But the judges reaffirmed that the community board role in the review is merely advisory, and held that the plaintiffs “can point to no legal requirement that the precise measurements of the plaza or fountain strength is required.”

Arlene Boop, the plaintiffs’ attorney, said she still had hopes for the success of her case, even though appeals are “always an uphill battle.” Nevertheless, she said that the Appellate panel’s upholding the review powers of the community board was important.

In fact, Greenberg said the C.B. 2 October 2005 resolution was approved by the board with the Gerson-Quinn agreement in mind, though it wasn’t actually contained in the resolution.

“That resolution was voted on with a sense of reliance that there was a Gerson-Quinn agreement to mitigate the transformation of the central plaza,” Greenberg said. “With an Orwellian stroke of the pen, the Appellate Division substituted a fiction for what we all know happened and are the facts of the case.”

The Appellate Division also noted the Gerson-Quinn agreement “was not signed or acknowledged” — something Greenberg and others had always been anxious about.

“If Castro had signed that document, this case would have been decided differently,” said Greenberg. “Instead, they’re saying this agreement did not exist.”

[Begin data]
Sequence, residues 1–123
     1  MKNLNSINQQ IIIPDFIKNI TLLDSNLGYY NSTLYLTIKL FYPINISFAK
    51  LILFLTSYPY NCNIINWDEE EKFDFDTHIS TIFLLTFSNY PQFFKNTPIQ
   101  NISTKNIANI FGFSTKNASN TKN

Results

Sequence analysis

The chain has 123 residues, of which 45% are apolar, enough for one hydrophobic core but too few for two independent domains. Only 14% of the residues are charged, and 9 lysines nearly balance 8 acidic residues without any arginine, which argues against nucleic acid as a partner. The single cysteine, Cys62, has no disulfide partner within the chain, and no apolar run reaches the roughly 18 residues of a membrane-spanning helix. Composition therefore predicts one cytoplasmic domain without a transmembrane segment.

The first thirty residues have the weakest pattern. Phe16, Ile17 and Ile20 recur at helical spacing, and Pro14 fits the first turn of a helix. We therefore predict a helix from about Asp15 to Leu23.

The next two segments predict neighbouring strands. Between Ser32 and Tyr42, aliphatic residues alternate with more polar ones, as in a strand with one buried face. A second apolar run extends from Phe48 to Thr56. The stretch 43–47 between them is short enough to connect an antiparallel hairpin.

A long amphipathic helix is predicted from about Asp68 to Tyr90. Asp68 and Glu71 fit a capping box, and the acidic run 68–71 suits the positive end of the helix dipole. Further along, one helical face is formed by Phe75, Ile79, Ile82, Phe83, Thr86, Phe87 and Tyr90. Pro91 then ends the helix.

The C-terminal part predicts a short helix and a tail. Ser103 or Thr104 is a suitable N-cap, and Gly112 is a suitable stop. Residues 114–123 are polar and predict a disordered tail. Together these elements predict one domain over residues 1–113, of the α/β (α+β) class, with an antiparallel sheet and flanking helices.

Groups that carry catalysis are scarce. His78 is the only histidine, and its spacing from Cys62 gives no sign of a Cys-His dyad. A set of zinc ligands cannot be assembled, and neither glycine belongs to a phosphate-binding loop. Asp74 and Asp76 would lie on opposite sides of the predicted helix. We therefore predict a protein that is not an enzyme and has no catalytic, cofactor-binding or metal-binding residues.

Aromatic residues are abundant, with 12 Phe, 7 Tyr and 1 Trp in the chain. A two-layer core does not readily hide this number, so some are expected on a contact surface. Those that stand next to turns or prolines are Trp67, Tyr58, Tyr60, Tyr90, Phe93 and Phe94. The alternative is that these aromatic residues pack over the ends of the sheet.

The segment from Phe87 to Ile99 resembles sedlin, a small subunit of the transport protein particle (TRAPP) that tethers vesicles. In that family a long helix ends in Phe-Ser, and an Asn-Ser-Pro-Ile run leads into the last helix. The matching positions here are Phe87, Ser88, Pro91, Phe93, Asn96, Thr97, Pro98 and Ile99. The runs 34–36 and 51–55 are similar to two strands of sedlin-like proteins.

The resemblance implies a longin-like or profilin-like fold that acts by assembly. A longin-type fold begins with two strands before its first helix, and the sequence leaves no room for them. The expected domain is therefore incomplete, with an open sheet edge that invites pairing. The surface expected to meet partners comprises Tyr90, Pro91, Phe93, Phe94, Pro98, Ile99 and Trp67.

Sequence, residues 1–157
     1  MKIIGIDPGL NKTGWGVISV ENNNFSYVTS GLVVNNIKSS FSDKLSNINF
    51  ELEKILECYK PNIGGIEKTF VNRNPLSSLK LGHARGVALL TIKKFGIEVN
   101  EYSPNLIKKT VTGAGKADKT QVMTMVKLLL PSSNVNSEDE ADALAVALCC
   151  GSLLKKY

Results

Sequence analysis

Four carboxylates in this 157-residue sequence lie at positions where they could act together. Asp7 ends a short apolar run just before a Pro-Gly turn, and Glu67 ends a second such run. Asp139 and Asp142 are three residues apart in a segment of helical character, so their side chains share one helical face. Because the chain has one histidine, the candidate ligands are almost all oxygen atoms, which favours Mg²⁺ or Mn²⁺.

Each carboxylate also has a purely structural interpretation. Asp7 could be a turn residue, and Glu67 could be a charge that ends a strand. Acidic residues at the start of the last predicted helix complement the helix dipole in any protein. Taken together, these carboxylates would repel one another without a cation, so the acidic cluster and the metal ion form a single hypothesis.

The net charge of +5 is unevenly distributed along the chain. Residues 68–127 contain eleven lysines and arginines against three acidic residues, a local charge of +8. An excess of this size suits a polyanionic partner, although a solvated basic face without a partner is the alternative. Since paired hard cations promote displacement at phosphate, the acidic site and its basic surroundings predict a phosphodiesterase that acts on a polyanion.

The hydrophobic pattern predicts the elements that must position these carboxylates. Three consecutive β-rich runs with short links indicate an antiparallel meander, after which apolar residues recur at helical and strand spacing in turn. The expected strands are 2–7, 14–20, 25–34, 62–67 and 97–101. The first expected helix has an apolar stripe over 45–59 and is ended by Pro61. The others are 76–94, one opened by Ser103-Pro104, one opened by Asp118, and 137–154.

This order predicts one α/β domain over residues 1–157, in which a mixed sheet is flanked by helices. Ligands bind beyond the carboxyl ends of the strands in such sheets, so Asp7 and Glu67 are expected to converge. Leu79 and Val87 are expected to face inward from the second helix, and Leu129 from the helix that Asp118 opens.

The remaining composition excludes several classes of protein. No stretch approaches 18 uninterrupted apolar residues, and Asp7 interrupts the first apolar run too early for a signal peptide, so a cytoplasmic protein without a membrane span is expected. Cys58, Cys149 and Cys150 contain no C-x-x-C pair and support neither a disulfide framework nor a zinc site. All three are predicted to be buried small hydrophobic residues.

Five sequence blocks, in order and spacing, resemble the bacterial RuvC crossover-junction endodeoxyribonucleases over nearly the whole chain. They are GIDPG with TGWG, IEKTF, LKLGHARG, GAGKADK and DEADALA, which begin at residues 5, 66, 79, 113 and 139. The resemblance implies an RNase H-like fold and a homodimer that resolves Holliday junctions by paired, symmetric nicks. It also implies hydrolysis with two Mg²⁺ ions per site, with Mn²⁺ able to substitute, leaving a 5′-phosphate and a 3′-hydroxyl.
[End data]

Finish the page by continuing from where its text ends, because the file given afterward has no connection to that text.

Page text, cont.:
Arthur Schwartz, chairperson of the C.B. 2 Parks Committee from 2005 until the present and current head of the Washington Square Park Task Force, said he was disappointed at the Appellate Division reversal.

“But I’m encouraged by the fact that the court, unlike the city, was not dismissive of the role of the community board,” Schwartz said. In any case, “The ruling is hardly the end of the public effort to monitor the design,” Schwartz said.

“The Parks Department made a commitment to Speaker Quinn and Councilmember Gerson to work through all the details of the project with the Washington Square Task Force,” Schwartz said. Schwartz added that he and C.B. 2 Chairperson Maria Derr included in the task force a broad representation of the community and elected officials.

“We intend to review all plans with the Parks Department before they go out to bid and to bring about every needed, plausible design change so that Washington Square Park can continue to exist as a people’s park,” Schwartz said. The task force will be transparent and open to allow all points of view to be heard and the details of the plan will not be kept secret, Schwartz promised.

Gerson said the Appellate Division ruling was “predictable” but called on the community to come together and insist that the Parks Department move forward in accordance with the agreement that he and Speaker Quinn reached with the department more than a year ago.

Nevertheless, Gerson noted that the City Charter gives the mayor and the Parks Department but not the City Council or the community board discretion and control over park designs. He said he and Quinn were able to use the Council’s budget leverage to reach their agreement with the Parks Department.

Gerson said that more lawsuits are not the way to go because legal delay would drive up the cost of repair and reconstruction.

Two other environmentally based lawsuits against the Washington Square Park project are pending in State Supreme Court. One was filed by Greenberg and Harris and the other was filed by ECO (Emergency Coalition Organized to Save Washington Square Park) and a group of park users including Jessie McNab, a Westbeth resident, Daniel Weinberg, a New York University student, and Jerry Sitner, 84, who lives a block east of the park. Neither of those actions has been assigned yet to a judge.